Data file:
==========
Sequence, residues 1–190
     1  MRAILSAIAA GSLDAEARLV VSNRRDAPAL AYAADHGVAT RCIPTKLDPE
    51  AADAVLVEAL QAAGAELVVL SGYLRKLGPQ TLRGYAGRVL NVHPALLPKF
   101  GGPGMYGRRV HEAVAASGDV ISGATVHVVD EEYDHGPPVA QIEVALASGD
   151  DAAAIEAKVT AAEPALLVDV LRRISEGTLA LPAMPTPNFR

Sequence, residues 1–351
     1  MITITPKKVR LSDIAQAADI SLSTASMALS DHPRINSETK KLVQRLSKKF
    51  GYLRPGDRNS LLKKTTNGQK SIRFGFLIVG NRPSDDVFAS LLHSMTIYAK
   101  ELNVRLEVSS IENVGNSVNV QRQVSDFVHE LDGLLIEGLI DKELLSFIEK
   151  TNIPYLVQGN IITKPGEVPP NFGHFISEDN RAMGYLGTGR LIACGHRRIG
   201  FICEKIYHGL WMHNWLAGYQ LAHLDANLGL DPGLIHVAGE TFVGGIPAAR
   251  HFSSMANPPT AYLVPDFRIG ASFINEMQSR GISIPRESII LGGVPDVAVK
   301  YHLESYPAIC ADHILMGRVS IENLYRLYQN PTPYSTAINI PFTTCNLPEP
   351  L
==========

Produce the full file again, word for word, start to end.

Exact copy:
Sequence, residues 1–190
     1  MRAILSAIAA GSLDAEARLV VSNRRDAPAL AYAADHGVAT RCIPTKLDPE
    51  AADAVLVEAL QAAGAELVVL SGYLRKLGPQ TLRGYAGRVL NVHPALLPKF
   101  GGPGMYGRRV HEAVAASGDV ISGATVHVVD EEYDHGPPVA QIEVALASGD
   151  DAAAIEAKVT AAEPALLVDV LRRISEGTLA LPAMPTPNFR

Sequence, residues 1–351
     1  MITITPKKVR LSDIAQAADI SLSTASMALS DHPRINSETK KLVQRLSKKF
    51  GYLRPGDRNS LLKKTTNGQK SIRFGFLIVG NRPSDDVFAS LLHSMTIYAK
   101  ELNVRLEVSS IENVGNSVNV QRQVSDFVHE LDGLLIEGLI DKELLSFIEK
   151  TNIPYLVQGN IITKPGEVPP NFGHFISEDN RAMGYLGTGR LIACGHRRIG
   201  FICEKIYHGL WMHNWLAGYQ LAHLDANLGL DPGLIHVAGE TFVGGIPAAR
   251  HFSSMANPPT AYLVPDFRIG ASFINEMQSR GISIPRESII LGGVPDVAVK
   301  YHLESYPAIC ADHILMGRVS IENLYRLYQN PTPYSTAINI PFTTCNLPEP
   351  L